This study revealed that, on average, the availability of selected basket medicines was 63.4% during the pre-COVID-19 time in hospitals. During COVID-19, the availability of these medicines was 46.3% and ranges from 2.6% to 88.7%. This was relatively higher than a study done in Nigeria (35.2%) [35]. However, lower than the WHO’s Global Action Plan for NCDs targets for access to NCD medicines. This might be associated with a weak supply of essential medicines in low-income countries and also the occurrence of the COVID-19 outbreak.

More than 70–80% of Ethiopia's annual pharmaceutical consumption is imported from other countries, particularly China and India [36]. As the pandemic hit China and India, they went into lockdown, closing many factories and disrupting supply chains, affecting imports to other countries and increasing logistic constraints [37, 38]. Similarly, in early March, India imposed restrictions on exporting 13 active pharmaceutical ingredients (APIs) and 13 formulations [39], potentially further exacerbating the fragile pharmaceutical supply chain in developing countries, including Ethiopia. As much of the pharma industry in Ethiopia depends on APIs imported from these countries, Ethiopian factories have only been able to produce at limited capacities (~ 20%) of local production[36].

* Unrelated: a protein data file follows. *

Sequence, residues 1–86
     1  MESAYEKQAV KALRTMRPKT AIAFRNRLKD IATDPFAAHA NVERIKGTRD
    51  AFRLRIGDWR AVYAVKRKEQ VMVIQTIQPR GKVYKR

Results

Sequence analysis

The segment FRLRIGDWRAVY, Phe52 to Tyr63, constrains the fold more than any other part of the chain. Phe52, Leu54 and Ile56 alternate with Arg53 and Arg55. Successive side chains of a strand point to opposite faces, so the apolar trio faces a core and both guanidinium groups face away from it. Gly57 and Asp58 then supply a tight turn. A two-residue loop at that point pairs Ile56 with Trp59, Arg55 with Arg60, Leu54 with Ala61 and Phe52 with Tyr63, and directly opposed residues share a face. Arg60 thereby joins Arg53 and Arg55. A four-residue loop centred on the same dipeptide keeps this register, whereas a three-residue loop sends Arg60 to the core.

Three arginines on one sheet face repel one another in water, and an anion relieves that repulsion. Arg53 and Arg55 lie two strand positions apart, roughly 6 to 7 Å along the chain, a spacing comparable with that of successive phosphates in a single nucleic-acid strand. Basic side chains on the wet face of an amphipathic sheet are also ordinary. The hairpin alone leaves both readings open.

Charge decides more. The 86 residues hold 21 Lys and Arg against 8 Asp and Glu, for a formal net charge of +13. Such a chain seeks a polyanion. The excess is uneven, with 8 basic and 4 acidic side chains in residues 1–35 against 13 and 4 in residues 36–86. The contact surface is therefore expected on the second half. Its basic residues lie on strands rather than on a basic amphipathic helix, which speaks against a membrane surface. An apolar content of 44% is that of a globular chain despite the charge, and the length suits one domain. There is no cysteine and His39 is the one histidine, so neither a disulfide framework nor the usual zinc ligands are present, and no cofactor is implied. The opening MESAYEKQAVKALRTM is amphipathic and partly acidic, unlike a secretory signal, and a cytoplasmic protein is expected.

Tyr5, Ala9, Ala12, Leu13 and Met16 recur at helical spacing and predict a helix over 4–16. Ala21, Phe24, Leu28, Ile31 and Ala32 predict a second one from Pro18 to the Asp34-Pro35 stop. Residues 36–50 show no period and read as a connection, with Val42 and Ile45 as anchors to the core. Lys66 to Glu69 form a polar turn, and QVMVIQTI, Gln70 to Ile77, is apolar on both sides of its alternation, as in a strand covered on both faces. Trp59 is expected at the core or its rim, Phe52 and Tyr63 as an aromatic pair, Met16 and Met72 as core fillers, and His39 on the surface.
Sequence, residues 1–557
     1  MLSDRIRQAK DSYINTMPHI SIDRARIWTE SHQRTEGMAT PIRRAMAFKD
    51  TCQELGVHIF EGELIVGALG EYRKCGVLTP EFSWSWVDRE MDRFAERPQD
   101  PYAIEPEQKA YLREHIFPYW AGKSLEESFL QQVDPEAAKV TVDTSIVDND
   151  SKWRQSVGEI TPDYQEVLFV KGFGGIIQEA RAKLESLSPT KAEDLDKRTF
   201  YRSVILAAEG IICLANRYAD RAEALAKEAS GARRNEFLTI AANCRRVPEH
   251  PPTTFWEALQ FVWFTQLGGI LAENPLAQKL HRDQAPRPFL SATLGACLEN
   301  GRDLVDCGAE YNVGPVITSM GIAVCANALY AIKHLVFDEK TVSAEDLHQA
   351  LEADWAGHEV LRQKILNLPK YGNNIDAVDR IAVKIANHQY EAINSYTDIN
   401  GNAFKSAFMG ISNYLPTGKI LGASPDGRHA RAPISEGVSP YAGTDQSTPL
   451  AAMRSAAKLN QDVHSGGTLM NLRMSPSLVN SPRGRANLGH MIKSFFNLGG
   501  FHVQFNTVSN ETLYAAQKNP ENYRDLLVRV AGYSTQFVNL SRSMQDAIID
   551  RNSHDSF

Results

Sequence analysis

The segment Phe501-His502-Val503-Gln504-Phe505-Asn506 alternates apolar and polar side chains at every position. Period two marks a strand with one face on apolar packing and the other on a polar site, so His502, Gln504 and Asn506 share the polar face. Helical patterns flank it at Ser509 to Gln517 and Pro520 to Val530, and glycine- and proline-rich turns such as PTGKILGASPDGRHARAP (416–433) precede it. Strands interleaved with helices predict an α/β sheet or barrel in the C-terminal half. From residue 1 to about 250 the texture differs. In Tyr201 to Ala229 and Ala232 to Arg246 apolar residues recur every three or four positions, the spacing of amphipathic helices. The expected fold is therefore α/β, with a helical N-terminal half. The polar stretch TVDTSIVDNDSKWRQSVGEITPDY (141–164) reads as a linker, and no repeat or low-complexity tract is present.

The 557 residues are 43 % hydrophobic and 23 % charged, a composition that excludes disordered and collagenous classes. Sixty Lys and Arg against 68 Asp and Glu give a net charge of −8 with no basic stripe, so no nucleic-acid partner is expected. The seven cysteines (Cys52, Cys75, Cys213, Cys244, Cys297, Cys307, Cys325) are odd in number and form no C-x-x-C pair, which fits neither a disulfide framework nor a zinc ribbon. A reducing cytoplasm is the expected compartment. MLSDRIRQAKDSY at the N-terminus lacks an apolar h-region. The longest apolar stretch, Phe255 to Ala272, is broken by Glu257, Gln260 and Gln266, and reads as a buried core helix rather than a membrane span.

The COVID-19 pandemic significantly affected the availability of most CVD products. For example, methyldopa was fairly available before the outbreak. However, during COVID-19, its availability was reported to be very low. This medicine is the program drug in the maternal and child health product supplied by the donors and public supply agencies. The donor support is disrupted by the pandemic, which might affect its availability at the service delivery points.